Surya Grahan 2018 Today: No Need To Alter Any Dietary Habits During Partial Solar Eclipse, Say Experts - Canadanewsmedia
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Surya Grahan 2018 Today: No Need To Alter Any Dietary Habits During Partial Solar Eclipse, Say Experts

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2018 has been a great year, as far as celestial events are concerned. After July’s complete solar eclipse, sky-watchers are now getting ready to witness the partial solar eclipse or surya grahan today. The solar eclipse will take place on August 11, 2018 and will be visible to only some parts of the globe- countries that lie in the northern hemisphere of the globe. Unfortunately, astronomy enthusiasts in India will not be able to witness this particular eclipse, as it will only be visible over Northern Canada, North-eastern US, Greenland, Siberia, as well as some parts of Asia, including the cities of Seoul in South Korea and Shanghai in China.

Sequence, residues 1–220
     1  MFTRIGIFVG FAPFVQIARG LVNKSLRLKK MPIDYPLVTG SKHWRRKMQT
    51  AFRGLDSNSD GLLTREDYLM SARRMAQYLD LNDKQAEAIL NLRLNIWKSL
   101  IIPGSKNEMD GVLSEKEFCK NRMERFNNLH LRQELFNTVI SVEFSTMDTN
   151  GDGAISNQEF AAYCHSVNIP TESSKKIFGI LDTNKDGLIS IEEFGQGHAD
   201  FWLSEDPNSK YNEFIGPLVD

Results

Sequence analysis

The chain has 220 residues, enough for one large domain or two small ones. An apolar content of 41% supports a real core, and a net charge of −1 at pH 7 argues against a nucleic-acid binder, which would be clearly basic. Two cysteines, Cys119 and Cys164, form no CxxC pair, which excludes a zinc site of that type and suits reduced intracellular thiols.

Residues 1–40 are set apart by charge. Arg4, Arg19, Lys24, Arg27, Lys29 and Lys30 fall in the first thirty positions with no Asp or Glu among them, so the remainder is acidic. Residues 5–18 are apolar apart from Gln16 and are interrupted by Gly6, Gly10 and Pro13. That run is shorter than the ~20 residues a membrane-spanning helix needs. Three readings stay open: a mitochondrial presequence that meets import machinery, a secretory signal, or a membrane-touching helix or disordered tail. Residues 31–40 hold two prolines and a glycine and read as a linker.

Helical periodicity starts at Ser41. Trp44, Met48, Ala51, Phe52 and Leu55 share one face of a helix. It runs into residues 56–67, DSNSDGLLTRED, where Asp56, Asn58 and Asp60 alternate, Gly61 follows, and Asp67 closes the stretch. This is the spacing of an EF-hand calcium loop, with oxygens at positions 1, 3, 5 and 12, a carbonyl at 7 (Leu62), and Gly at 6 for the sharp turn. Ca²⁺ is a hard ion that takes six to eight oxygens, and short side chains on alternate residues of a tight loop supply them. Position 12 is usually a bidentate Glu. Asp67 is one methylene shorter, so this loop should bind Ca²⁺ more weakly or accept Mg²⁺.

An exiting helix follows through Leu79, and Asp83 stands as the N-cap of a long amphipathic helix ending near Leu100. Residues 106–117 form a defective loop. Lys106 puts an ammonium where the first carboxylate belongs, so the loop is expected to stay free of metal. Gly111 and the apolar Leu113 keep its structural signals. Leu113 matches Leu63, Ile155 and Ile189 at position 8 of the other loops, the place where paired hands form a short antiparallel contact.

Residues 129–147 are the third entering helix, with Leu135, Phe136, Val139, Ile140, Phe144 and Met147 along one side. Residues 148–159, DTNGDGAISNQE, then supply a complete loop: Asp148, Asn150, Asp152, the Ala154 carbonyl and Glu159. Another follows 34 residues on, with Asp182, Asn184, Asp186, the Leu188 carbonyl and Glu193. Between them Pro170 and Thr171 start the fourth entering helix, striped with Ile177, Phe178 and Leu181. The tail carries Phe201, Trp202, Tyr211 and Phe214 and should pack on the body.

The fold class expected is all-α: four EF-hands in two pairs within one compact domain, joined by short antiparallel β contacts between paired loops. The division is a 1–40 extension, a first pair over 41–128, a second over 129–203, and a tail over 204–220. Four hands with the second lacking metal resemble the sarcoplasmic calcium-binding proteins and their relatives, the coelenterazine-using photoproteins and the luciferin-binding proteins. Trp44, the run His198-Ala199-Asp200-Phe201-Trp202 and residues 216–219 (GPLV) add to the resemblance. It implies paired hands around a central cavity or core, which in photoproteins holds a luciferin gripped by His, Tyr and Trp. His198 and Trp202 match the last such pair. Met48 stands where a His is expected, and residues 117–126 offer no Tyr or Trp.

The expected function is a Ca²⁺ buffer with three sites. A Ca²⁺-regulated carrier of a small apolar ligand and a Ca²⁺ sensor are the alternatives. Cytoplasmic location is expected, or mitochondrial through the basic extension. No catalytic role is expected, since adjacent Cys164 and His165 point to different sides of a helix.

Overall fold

Surya Grahan (Partial Solar Eclipse) Timings Today

In this particular solar eclipse, the Sun will reportedly be obscured by the Moon for a total period of three and a half hours on August 11, 2018. The solar eclipse time in India will be between 1.32 pm and and 5.02 pm.

Diet Myths & Superstitions Related To Partial Solar Eclipse:

One of the most commonly held solar eclipse related myth is that cooking or consuming food during the duration of the solar eclipse may be harmful, as it can turn the food poisonous. There is a myth that even chopping vegetables, fruits or any other eatables while the solar eclipse lasts, can contaminate or poison the food. Although, this myth gains traction around the time of a total solar eclipse, some people refuse to cook or eat even during partial eclipses.

No Dietary Restrictions Necessary, Says NASA